The measure was passed as part of a package of four bills which also included military aid for Ukraine, Israel, Taiwan and other US partners in the Indo-Pacific region.

It had widespread support from lawmakers, with 79 Senators voting for it and 18 against.

“For years we’ve allowed the Chinese Communist party to control one of the most popular apps in America that was dangerously short-sighted,” said Senator Marco Rubio, the top Republican on the Intelligence Committee.

“A new law is going to require its Chinese owner to sell the app. This is a good move for America,” he added.

Fears that data about millions of Americans could land in China’s hands have driven Congressional efforts to split TikTok from the Beijing-based company.

Last week, the social media company said the bill would “trample the free speech rights of 170 million Americans, devastate seven million businesses, and shutter a platform that contributes $24 billion to the US economy, annually.”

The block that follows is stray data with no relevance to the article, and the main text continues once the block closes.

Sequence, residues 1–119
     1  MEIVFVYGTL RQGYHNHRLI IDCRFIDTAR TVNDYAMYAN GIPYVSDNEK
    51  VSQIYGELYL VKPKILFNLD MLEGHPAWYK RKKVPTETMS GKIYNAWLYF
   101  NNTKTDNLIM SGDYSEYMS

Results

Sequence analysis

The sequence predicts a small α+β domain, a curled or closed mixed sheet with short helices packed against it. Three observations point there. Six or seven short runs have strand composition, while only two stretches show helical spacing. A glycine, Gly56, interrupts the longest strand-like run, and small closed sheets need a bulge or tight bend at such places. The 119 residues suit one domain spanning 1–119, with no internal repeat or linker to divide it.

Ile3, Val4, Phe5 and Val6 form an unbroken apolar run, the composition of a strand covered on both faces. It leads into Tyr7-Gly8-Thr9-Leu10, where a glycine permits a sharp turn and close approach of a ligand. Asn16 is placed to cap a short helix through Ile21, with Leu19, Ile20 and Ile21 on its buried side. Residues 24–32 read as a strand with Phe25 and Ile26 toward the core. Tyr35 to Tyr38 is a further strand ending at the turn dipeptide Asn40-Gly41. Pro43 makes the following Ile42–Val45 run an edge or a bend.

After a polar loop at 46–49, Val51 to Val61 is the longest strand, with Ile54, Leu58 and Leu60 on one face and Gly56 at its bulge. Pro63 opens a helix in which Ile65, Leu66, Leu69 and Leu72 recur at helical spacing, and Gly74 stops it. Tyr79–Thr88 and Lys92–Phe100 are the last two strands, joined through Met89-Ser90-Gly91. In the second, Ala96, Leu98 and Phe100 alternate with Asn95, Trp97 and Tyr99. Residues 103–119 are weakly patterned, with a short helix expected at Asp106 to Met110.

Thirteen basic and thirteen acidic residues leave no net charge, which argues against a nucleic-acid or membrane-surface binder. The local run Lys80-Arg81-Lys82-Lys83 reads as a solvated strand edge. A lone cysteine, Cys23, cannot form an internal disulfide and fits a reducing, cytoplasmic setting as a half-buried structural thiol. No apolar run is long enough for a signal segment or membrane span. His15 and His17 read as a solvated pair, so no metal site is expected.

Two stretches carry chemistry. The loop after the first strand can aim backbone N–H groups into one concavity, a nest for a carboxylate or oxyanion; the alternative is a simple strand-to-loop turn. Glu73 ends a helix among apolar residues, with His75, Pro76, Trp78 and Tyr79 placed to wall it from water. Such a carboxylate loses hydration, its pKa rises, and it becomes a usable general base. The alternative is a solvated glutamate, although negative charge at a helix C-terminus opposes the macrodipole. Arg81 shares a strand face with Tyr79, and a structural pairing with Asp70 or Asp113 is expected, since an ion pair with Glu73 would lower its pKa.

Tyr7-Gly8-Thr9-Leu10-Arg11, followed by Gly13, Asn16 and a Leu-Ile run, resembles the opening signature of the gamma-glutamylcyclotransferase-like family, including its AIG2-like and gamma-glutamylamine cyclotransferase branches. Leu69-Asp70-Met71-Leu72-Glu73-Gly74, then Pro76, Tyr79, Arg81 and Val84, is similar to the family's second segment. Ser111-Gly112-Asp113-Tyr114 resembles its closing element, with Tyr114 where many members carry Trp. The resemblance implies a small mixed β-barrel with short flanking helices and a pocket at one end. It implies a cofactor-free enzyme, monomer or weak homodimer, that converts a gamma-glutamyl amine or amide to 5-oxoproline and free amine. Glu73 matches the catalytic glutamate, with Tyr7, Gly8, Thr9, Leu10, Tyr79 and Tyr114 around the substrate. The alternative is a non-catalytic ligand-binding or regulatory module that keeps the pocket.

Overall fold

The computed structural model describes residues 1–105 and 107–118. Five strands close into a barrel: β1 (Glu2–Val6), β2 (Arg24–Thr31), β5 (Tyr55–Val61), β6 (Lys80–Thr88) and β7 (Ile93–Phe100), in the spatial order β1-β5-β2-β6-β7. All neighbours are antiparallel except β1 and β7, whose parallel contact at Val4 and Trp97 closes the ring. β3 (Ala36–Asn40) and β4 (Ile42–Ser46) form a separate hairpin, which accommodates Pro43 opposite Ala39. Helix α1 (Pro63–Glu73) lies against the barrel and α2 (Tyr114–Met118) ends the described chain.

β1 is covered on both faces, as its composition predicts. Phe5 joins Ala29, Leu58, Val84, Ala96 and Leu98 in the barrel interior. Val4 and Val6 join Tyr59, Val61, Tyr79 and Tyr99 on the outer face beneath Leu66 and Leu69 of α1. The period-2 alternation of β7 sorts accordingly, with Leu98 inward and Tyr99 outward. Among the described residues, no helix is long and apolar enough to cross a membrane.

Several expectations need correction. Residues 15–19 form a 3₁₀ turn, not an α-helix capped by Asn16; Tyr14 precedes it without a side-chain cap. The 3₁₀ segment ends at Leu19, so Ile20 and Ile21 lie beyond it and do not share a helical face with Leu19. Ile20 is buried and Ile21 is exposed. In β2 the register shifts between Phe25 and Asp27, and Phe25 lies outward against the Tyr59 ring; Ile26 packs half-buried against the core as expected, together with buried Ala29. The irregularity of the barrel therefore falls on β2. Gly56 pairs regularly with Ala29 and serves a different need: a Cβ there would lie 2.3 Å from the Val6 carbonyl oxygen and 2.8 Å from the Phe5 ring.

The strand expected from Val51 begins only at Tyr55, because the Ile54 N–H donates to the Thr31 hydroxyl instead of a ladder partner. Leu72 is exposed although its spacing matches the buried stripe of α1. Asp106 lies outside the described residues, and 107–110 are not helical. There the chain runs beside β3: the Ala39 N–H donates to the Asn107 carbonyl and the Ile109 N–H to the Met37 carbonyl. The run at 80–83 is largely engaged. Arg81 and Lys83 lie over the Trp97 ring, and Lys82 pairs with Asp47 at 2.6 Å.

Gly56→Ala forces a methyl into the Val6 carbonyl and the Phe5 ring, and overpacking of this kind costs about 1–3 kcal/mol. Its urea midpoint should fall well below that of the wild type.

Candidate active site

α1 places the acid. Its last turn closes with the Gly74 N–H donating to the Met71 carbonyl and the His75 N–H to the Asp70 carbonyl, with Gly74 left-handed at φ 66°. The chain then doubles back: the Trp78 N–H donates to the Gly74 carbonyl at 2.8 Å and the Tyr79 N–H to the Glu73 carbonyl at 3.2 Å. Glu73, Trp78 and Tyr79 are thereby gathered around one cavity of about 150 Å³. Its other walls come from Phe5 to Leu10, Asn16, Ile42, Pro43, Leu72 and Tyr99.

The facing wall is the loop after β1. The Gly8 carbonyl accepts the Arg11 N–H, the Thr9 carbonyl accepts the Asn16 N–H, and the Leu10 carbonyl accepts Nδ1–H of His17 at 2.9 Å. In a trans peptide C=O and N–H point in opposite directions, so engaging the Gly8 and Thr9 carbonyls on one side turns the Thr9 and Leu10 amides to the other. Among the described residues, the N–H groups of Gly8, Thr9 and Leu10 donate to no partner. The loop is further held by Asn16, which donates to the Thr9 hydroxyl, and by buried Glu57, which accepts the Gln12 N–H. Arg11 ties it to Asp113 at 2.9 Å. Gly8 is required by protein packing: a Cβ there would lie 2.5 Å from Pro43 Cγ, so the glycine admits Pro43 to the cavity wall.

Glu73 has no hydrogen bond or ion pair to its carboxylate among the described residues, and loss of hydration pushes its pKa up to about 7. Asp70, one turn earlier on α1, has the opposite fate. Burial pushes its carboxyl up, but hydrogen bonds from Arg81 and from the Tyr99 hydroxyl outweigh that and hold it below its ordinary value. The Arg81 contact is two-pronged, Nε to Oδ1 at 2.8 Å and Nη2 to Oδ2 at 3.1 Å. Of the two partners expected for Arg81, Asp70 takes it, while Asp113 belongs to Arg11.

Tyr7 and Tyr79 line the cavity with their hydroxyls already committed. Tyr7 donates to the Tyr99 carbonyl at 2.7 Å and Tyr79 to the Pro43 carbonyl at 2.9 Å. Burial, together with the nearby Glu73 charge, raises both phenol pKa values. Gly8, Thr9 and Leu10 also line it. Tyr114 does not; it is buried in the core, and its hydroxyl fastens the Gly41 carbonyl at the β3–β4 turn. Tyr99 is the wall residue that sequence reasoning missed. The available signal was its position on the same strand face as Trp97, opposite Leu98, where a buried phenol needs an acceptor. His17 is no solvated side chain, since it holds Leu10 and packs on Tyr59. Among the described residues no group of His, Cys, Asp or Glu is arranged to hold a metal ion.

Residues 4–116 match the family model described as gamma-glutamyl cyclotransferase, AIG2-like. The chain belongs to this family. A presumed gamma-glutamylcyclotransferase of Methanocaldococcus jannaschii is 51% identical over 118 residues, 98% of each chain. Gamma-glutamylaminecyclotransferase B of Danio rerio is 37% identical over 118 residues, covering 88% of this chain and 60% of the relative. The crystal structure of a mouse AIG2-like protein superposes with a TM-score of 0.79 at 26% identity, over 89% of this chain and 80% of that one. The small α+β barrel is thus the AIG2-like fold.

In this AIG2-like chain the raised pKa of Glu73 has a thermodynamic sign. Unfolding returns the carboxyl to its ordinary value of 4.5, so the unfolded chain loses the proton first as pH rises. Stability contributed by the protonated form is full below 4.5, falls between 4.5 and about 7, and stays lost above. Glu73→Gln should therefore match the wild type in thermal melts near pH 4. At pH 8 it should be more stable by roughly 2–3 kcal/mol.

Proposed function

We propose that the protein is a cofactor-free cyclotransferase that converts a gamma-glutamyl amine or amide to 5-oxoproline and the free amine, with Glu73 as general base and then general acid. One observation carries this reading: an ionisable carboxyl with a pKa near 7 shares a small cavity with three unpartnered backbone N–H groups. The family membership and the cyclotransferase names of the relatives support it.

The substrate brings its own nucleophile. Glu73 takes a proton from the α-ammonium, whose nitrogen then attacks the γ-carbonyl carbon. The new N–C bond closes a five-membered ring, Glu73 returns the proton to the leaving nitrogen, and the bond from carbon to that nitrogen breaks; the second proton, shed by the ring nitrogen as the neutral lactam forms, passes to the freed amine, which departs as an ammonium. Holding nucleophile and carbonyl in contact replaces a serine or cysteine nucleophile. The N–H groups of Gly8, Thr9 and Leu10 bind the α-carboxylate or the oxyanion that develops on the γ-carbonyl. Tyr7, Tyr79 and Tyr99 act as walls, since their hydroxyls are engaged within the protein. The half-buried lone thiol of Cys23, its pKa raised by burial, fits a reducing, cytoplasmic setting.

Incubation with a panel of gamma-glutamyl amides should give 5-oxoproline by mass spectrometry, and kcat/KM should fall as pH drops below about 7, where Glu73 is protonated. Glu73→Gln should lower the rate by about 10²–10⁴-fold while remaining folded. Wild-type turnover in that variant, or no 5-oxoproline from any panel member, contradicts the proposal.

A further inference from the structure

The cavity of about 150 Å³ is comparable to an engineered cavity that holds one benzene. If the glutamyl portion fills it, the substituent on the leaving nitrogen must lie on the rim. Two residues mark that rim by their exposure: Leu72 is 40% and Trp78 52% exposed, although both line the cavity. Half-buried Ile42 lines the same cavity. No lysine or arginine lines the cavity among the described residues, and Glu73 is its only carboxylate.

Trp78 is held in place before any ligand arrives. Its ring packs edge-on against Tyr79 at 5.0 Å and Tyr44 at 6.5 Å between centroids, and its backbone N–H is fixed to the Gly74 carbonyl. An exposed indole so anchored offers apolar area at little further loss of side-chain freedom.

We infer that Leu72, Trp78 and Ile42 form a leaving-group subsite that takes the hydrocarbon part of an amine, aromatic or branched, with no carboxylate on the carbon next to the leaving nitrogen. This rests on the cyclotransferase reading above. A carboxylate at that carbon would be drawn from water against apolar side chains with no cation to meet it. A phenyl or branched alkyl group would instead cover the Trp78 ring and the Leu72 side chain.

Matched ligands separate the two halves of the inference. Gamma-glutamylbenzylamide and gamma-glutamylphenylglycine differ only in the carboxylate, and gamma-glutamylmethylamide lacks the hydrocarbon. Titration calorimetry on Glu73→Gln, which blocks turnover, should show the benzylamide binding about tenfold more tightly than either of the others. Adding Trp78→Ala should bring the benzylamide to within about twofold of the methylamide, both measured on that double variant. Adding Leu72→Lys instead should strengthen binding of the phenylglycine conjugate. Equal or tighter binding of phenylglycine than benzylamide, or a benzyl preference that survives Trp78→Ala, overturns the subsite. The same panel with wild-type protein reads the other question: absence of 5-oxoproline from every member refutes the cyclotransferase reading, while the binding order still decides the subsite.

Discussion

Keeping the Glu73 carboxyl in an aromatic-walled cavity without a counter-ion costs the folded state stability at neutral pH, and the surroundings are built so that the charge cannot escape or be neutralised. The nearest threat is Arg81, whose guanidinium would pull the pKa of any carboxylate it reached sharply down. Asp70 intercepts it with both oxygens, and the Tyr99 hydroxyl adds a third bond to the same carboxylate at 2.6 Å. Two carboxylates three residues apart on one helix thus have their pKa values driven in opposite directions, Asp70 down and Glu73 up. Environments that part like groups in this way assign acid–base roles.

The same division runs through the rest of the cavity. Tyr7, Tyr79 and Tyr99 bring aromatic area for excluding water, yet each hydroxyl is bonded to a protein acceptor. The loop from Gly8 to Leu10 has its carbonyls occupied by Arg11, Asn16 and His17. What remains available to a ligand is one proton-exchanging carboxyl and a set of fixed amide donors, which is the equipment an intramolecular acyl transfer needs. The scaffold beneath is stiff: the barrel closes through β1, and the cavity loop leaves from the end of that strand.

TikTok has said ByteDance “is not an agent of China or any other country”. And ByteDance insists it is not a Chinese firm, pointing to the global investment firms that own 60% of it.

Its chief executive, Shou Zi Chew, said last month the company will continue to do all it can including exercising its “legal rights” to protect the platform.

Mr Shou was grilled by Congress twice in less than a year, and downplayed the app’s connection – and his personal links – to Chinese authorities.

The social media platform made efforts to rally support against the potential ban, including a major lobbying campaign.

It also encouraged TikTok users and creators to express their opposition to the bill.

University of Richmond law professor, Carl Tobias told the BBC that a prolonged legal battle is likely to follow and that “could take about two years”.

He also said if a buyer for ByteDance’s stake is not found within the nine-month period, it could delay any action against TikTok in the US further.

(BBC News)

Continue Reading


Copyright © 2024 Sri Lanka Mirror. All Rights Reserved